By Jamie McGeever and Isabel Versiani
BRASILIA, July 28 (Reuters) – Brazil posted a current account surplus in June for the third straight month, data showed on Tuesday, the first time this has happened since 2007, and attracted portfolio inflows for the first time since before the onset of the coronavirus pandemic.
The current account surplus last month was $2.2 billion, the central bank said, less than the $3.8 billion economists in a Reuters poll had forecast, but a record for any June since the central bank began compiling data in 1995.
The surplus was partly driven by a widening trade surplus to $6.9 billion as the economic crisis hit imports much harder than exports, and narrowed the overall current account gap over the preceding 12 months to 2.35% of gross domestic product.
That is the narrowest deficit in just over a year, central bank figures showed.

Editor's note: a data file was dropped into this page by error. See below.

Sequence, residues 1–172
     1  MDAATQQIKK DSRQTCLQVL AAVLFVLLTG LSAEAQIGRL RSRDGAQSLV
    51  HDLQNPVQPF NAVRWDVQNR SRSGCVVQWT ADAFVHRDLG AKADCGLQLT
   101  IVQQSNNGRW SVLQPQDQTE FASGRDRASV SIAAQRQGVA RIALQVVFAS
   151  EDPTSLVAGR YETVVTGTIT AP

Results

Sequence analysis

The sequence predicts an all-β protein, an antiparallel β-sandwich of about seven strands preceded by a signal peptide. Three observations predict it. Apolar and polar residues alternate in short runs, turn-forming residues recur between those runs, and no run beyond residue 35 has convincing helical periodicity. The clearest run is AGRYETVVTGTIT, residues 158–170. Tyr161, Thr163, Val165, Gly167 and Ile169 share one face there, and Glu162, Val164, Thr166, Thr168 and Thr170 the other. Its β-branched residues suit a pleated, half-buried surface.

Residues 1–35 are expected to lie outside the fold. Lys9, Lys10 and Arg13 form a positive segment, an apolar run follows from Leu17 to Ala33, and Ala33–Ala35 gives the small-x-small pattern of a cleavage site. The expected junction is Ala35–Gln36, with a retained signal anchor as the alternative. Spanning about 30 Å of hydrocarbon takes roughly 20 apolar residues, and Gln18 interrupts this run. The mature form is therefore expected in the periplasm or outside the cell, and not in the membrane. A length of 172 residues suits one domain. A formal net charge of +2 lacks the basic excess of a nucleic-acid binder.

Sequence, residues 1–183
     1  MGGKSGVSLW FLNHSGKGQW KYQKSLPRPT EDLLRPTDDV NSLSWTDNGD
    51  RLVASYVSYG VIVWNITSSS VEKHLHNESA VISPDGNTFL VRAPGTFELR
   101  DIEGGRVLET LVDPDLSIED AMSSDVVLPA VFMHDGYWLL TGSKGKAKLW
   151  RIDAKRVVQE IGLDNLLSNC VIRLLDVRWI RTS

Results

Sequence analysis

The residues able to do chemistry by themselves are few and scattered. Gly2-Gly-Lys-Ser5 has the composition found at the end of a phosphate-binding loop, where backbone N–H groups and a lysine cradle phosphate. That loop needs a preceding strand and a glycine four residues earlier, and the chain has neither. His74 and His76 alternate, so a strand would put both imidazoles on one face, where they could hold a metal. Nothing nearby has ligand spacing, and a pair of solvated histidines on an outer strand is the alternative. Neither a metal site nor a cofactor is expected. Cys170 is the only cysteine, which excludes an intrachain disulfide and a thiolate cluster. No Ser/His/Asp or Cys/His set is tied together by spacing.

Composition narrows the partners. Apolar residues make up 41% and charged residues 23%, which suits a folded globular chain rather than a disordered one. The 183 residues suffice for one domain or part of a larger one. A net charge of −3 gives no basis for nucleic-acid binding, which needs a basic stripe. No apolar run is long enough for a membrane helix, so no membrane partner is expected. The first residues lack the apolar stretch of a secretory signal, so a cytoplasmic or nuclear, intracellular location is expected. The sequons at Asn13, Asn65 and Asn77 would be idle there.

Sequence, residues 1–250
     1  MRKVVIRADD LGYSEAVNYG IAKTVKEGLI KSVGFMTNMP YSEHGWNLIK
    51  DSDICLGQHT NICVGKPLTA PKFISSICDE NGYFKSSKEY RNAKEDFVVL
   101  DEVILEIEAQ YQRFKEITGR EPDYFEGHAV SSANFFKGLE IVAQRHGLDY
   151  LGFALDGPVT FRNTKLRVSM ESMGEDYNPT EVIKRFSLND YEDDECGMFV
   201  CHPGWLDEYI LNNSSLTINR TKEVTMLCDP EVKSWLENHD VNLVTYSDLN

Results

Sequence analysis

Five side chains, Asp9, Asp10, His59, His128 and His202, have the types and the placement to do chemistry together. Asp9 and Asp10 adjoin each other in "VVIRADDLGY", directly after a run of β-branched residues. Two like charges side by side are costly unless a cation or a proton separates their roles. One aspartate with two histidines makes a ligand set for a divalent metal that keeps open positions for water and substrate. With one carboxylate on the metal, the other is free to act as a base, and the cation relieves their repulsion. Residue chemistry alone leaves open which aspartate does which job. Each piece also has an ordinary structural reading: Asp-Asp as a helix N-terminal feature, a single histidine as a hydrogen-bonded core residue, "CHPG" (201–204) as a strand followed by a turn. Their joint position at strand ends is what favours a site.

The central bank said it revised the figures for March to an $11 million deficit from a $868 million surplus, meaning Brazil has now recorded a surplus for three consecutive months instead of four.
Brazil reversed months of portfolio outflows, attracting a net $5.5 billion into its equity and debt markets, the first inflow since January. Almost all of that, just over $5 billion, was bond inflows, the central bank said.
That reduced the net portfolio outflow so far this year to $25.9 billion.
A broader measure of portfolio flows, however, showed a slightly smaller $4.3 billion inflow in June. That brought the outflow in the first half of the year to $31.3 billion, a record since the central bank began comparable records in 1995.
Foreign direct investment in June totaled $4.75 billion, the central bank said, more than the $3.58 billion economists in a Reuters poll had predicted.
For July, the central bank said it expects a current account surplus of $500 million, and FDI of $2 billion. (Reporting by Jamie McGeever, Marcela Ayres and Isabel Versiani; Editing by Alex Richardson and Bernadette Baum)
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